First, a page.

My name is Wonhee Cho (조원희/趙元熙 Ph. D. History, Yale 2014), and I am a historian of the Mongol empire (13th to 14th century). Currently I am a researcher/project manager at the Jangseogak Archives, Academy of Korean Studies (韓國學中央研究院 藏書閣 研究員).
As a historian of the Mongol empire, I am particularly interested in religion, comparative empire studies, and digital humanities. My current book project, Empire and Religion: Politics of Difference and Negotiation in the Mongol Empire (1206-1368), examines the different religions of the Mongol empire in China – Buddhism, Daoism, Christianity, and Islam (among others) – and how they interacted with the imperial government.
My academic interest in the Mongols and other nomads, and their interactions with other peoples is closely related to my life, since I constantly moved around different places and adapted to different cultures. Born in South Korea, I lived in Australia when he was three to nine years old, and some people say they can still hear my Australian accent. As an undergraduate I studied at Seoul National University as an English Language and Literature major (B.A.), joined the Asian History Department M.A. program, a program where I studied Chinese (classical and modern), Japanese and Persian.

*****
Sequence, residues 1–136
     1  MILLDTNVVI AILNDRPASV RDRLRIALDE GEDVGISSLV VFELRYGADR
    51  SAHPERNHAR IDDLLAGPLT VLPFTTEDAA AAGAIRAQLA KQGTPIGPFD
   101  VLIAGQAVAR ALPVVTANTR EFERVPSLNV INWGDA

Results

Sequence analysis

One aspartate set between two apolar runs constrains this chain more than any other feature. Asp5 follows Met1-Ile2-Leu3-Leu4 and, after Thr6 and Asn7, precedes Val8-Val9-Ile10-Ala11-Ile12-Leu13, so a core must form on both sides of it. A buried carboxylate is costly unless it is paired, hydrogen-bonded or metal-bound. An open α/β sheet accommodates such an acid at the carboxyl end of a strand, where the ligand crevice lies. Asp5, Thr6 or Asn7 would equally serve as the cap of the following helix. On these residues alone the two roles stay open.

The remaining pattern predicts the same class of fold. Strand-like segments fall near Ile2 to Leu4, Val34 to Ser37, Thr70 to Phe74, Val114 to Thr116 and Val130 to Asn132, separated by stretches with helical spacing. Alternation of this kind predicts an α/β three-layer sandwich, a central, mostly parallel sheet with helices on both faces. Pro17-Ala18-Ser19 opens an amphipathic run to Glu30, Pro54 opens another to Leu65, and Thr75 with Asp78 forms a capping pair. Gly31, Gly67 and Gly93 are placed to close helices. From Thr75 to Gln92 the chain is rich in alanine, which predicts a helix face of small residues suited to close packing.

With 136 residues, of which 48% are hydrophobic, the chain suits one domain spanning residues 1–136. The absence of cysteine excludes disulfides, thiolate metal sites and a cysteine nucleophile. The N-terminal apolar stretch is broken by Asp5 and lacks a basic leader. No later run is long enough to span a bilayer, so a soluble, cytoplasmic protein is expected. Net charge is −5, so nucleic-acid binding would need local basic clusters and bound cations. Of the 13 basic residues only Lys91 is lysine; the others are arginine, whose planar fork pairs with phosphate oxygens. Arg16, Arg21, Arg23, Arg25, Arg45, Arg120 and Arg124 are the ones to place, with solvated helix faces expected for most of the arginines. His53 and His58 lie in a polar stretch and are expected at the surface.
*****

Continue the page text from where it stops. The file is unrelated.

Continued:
In 2014, I completed my six-year long Ph. D. Studies at Yale University. I often forget mentioning that during the six-year period at Yale I spent a whole year at Beijing University as a visiting research student. Before coming back to Korea, I was a member of the Mongol empire project 2014 to 2017 at the Hebrew University of Jerusalem where I translated and tagged data of more than 65 individuals from the Yuanshi biographies. This translation work consists of 141,610 English words and 9,633 Chinese characters. I also spent half a year as a post-doc at NYU Shanghai were I was able to conduct my own research and also organize a panel for the Center for Global Asia Annual Conference: Ports and Port Cities in Indian Ocean Connections.